We put AMD’s flagship Athlon 64 FX-57 in the hands of Sweden’s best overclocker Robert Kihlberg to test this extremely expensive processor’s capacity with different types of cooling.
Everyone who has some interest in computers and their hardware, and have built one themselves probably knows about AMD and their CPU FX-Series. But only a few people own one. The only ones that buy this CPU are the hardcore enthusiasts, despite the fact that they already have a high end CPU, just to be able to squeeze the most out of their systems.
Previously we have written deeper about the architecture of the AMD Athlon64. This article is available for reading here, and an article about the AMD FX-55 is available here. The obvious difference from the FX-55 is, not unexpectedly, an increase in the frequency for the original CPU. AMD has changed the manufacturing process from 130nm to 90nm and have started using the new “San Diego”-core. Further improvements from the 130nm FX-55 are various adjustments and add-ons to the integrated memory controller. We will not dwell further into these subjects but will concentrate more on how to further improve the performance of this CPU. We have three different cooling methods, air cooling, water cooling and phase change cooling, which will help us test the boundaries of what this CPU can perform.
We will begin by introducing our test system and how we intend to run these tests.
|Mainboard||Abit Fatal1ty AN8 SLI, BIOS 17|
|Processor||AMD FX-57 (San Diego, 0512MPMW)|
|Memory||Mushkin Black Level2 PC3500 2x256Mb (BH-5)|
|Video card||nVidia GeForce 6600GT|
|Power supply||OCZ PowerStream 520W|
|Operating system||Windows XP (SP2)|
|Monitoring program||Abit EQ|
|Test program||SuperPi 1.1e|
As you can se, we won’t be using many test programs. The idea with this article is not to gain actual performance from several different programs, but rather to establish stability levels. Talking about different types of stability levels might sound strange to those of you who are familiar with over-clocking, electrical components should simply, do right or wrong. This is the case on a micro-level, but thanks to different kinds of error corrections it is possible to either correct the errors or make the system report what is wrong. When the CPU is overclocked too much, there are too many errors generated which causes the system to freeze or restart. Overclockers can make the CPU work with better signals and therefore, stopping it from counting wrong by increasing the voltage or improving the cooling.
The aim of this article is that the CPU should be able to calculate Pi with one million decimals using the SuperPi program. This is relatively low demand on the stability, and therefore we will, for each cooling type, declare in what frequency the CPU can calculate Pi with 32 million decimals. This test demands a lot more of the CPU. We’re not using any 3D-program in our tests, because this will add another performance factor. A fast video card relieves the pressure of the system in a different way than a slow one.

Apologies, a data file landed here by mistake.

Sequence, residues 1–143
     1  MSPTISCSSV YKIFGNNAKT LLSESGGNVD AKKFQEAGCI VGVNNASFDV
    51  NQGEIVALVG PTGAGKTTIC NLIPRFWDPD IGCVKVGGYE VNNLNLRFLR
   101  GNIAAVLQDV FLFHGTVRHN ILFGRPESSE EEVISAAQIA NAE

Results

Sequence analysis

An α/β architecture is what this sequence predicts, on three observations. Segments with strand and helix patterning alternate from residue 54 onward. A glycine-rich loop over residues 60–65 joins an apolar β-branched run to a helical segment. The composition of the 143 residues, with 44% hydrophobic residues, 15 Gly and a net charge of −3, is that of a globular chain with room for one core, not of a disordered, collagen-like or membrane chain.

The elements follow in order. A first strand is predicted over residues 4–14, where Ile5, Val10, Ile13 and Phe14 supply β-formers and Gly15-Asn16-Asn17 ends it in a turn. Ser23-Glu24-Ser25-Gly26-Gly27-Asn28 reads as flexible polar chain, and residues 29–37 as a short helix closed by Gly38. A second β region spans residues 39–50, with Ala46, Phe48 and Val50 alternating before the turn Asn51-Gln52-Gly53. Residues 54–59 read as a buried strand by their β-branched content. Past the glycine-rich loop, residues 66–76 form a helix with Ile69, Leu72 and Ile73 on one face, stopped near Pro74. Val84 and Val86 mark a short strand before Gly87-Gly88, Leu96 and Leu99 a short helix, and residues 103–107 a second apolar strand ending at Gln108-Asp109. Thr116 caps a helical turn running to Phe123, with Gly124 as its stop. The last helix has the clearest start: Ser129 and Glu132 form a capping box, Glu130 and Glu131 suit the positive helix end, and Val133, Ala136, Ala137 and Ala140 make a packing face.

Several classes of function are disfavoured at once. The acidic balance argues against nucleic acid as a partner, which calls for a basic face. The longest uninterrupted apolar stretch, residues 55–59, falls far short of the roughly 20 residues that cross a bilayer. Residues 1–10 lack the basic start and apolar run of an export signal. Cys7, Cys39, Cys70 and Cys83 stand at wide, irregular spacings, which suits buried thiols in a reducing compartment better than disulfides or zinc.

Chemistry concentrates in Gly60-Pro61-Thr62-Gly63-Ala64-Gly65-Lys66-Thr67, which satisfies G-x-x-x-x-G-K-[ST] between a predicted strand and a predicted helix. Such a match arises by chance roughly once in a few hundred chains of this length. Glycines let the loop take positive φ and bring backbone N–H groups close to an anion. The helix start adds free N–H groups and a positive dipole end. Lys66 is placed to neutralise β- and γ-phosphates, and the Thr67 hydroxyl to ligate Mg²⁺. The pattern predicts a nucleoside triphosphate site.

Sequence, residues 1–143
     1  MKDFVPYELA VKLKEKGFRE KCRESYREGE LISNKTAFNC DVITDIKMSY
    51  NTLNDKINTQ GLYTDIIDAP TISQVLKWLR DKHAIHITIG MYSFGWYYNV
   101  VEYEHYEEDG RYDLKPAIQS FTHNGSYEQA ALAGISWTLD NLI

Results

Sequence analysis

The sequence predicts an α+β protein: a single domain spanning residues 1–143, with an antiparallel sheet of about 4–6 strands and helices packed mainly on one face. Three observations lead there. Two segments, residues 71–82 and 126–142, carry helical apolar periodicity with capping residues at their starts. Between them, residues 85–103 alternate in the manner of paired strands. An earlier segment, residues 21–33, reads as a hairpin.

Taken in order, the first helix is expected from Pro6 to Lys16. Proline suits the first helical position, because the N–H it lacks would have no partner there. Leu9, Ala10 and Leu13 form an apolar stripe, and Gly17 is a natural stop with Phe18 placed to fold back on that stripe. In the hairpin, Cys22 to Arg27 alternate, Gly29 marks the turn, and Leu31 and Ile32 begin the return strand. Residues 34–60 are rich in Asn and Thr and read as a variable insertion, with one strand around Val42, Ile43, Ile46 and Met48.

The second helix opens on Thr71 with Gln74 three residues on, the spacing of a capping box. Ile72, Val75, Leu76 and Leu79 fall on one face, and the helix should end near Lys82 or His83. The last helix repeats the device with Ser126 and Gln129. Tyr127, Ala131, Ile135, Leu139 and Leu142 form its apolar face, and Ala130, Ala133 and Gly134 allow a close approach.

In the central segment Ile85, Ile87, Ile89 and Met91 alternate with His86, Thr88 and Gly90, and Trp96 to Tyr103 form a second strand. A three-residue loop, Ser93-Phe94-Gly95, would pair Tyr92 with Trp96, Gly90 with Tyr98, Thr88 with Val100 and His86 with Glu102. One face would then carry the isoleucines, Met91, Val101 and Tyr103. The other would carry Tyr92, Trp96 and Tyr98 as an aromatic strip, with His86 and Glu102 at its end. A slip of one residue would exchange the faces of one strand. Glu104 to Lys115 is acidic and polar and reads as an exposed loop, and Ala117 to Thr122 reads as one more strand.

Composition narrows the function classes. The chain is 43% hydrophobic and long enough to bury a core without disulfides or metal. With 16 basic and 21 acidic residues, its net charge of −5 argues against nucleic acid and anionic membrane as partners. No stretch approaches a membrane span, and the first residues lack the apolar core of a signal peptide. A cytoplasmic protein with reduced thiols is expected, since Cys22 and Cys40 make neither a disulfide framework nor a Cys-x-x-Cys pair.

Enough prerequisites, on to the air cooling tests.
Air cooling, has lately had a rough time keeping the temperatures at bay, is without a doubt, the most common way of cooling a CPU. The FX-57 is one of the CPUs on the market that produces most heat and therefore puts heavy demands on the air cooler. The first cooler used in this test is the Zalman CNPS9500. This cooler is a sufficient substitute for the original cooler. Here are the results:
The CPU got through SuperPi 1M at 2942 MHz using the original voltage, and then scales 20 MHz linear after each 25mV increase. It levels out at 3120 MHz with a voltage of 1.625V. Increasing the tension further only makes the CPU hotter, which can create instability issues. Something worth noting is that this is an open-system with an air temperature of ~22C. We move on to another air cooler.
Now we’ve installed a ThermalTake Tower 112 with two 80mm Delta fans. Unlike Zalman’s cooler, this is not a cooler you want in your everyday computer. Testing this combination under optimal conditions (open window, 18C air temperature), demanded both earplugs and a jacket, which we luckily had access to. Here are the results:
Lowering the temperature and increasing the airflow made a difference in the performance. Like the previous, it stopped at 1.625V, but with a maximal frequency of 3168 MHz.
We tested at what level our second air cooler could go through a 32M calculation in SuperPi. A 32M calculation takes little over 20 minutes, compared to a 1M that takes about 20 seconds. This puts heavy demands on the efficiency of the cooling device. When performing a 1M calculation the heat sinks have enough “cooling”-energy in them, and the temperature will not increase that much during such a short period of time. Our loud cooling device had big problems keeping the temperature down and we had to decrease the voltage, thus also decreasing the frequency. Using 1.525V the test was at 2990 MHz. We can clearly see that you can put a heavy load on the CPU during short periods, but at high frequencies you have to decrease the load considerably to keep the CPU stable.
Next we have the water cooling tests.
We have reviewed the water cooling earlier; you can find the article here. It contains an Asetek Antarctica water block and a 3x120mm radiator. There was no problem enduring the sound volume from the fans, which ran at full speed. The air temperature from the radiator was 18C and the water temperature reached 22C. Let’s look at the results: